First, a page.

“Open the drapes, grab my coffee. Okay. What are the problems going to be today? What’s not gonna work? What am I gonna do wrong? How many things do I have to worry about? Why is my heart going so fast? Must be the coffee. I’d better cut back”
That was the way my day started for a long time. I didn’t want to live like that, but I didn’t know how to change it. I started trying to figure out what it was all about. After some soul-searching, I figured out that I was worried I wasn’t good enough.
I thought I would look for a potential source, so I thought about my parents. (It’s always the parents, fault, right?!) I wondered if they led me to my self doubt. I realized, however, that my parents assured me that I was good enough, but that was also part of the problem.
As a little girl, I could spit on a piece of paper and my parents would tell me, “That’s beautiful honey!” I knew that it wasn’t beautiful art, and I was waiting for the shoe to drop. I lived in fear of the time when everyone else would figure out my dark secret - that I was a sham!
Upon further self-examination, I realized that this fear led me to the quest for absolute perfection. I assumed that if I was perfect, no one would be able to figure out my secret. The exhausting, impossible quest for perfection become a script that I followed for a long time.
My increasing frustrations and desire to understand and change ultimately led me to my work in Social-Emotional Learning. I learned that assumptions, including my own, were not based on a complete, factual picture. I learned that the assumptions that lead to our life scripts are actually based on how we made sense of our worlds when we were very young. As a result, they are filled with a lot of misinterpretation, and missing information.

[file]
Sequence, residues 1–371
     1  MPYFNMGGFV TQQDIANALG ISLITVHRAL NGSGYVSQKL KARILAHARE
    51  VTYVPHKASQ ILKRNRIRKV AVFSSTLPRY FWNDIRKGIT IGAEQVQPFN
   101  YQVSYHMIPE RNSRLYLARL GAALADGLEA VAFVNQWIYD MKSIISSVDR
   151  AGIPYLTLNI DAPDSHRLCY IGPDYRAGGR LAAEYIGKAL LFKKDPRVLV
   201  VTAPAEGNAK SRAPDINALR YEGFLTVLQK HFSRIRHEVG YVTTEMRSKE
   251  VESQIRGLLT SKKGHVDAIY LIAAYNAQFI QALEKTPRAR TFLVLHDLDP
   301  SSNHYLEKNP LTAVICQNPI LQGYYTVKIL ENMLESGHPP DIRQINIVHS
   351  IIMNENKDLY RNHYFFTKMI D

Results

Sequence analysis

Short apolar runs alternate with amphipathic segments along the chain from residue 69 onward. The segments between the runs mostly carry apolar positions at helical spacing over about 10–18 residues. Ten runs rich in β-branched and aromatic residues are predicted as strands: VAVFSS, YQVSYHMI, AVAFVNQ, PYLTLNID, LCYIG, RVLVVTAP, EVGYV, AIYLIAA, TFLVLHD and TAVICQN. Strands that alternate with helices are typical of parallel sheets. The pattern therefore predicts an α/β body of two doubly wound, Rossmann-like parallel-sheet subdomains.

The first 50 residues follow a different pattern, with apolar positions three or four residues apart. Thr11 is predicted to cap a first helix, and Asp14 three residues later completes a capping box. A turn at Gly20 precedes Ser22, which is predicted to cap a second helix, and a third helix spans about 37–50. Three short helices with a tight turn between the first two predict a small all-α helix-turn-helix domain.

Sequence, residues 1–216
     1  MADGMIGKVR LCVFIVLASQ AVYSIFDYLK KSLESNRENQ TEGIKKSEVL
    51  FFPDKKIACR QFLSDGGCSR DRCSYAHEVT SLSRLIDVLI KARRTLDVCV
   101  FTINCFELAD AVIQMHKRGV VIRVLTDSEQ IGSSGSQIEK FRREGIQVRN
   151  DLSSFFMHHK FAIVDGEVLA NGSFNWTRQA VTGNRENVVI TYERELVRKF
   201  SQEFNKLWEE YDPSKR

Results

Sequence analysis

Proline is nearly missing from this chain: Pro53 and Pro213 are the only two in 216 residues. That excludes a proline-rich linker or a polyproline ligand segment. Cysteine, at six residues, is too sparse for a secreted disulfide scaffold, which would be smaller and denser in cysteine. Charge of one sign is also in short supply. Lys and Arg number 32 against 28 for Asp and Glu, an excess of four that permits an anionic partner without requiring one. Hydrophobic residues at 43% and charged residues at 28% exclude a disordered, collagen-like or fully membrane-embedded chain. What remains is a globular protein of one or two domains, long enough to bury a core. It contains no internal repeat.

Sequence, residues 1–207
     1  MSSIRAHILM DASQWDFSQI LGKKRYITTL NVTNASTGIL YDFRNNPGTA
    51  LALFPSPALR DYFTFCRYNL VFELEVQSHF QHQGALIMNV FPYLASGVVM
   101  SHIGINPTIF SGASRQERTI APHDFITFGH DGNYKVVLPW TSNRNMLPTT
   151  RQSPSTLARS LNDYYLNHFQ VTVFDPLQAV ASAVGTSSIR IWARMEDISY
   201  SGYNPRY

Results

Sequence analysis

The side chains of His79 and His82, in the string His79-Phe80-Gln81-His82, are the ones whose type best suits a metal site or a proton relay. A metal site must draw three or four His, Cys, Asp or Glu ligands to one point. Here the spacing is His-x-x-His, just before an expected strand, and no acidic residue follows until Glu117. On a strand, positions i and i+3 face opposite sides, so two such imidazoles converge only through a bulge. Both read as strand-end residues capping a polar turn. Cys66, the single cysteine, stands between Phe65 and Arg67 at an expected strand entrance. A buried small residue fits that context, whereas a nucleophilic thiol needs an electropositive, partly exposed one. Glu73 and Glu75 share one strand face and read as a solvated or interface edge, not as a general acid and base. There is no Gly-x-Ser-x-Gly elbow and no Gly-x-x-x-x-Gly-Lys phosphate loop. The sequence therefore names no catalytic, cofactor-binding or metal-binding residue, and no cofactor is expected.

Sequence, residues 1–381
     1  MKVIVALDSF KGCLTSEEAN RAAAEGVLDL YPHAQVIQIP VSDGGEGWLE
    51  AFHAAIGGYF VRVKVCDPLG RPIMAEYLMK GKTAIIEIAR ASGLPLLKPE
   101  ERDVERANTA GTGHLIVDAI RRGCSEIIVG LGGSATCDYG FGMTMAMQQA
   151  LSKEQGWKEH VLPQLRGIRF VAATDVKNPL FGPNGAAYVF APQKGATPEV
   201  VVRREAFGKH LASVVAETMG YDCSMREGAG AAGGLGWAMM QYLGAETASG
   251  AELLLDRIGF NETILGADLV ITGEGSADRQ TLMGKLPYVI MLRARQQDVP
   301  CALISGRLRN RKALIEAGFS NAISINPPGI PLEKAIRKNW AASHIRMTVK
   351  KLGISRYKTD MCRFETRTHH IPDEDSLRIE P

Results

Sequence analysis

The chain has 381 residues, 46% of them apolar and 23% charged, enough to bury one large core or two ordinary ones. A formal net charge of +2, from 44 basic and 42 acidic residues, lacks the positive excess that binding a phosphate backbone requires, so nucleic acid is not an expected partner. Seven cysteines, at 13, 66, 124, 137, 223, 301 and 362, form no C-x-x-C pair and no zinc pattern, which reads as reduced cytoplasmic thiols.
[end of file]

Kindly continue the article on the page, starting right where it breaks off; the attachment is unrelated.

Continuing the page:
I learned that since we created our scripts, we were able to change them. We are not passive actors that have to follow a playwright’s storyline. We can look at our life scripts as works-in-progress, editing and rewriting them. We can create the kind of mindset and life that we most want.
I set about to discover a process with which to do just that. I realized the importance of using tools to remove the errors in logic that fill our assumptions. I discovered ways to edit out the generalizing, “crystal-balling” and “awfulizing”, mentioned in my last blog.
This editing process and tools with which to apply it led me to change my assumption about my need for perfection. I began to embrace the inevitable and helpful nature of making mistakes. I operated from the more fact-based and self-supportive understanding that all I can do is the best I can do. My self-confidence grew, and my worry greatly diminished.
I am committed to helping others apply this editing process. Over the next series of blogs, I will provide information and tools for effective rewrites in a number of life areas. I will begin with a brief monologue like the one above, to highlight the nature and effect of a range of assumptions that we might make. This will be followed by the application of the editing process, We will be changing assumptions to more-fact-based and self-supporting beliefs, resulting in more satisfying life scripts.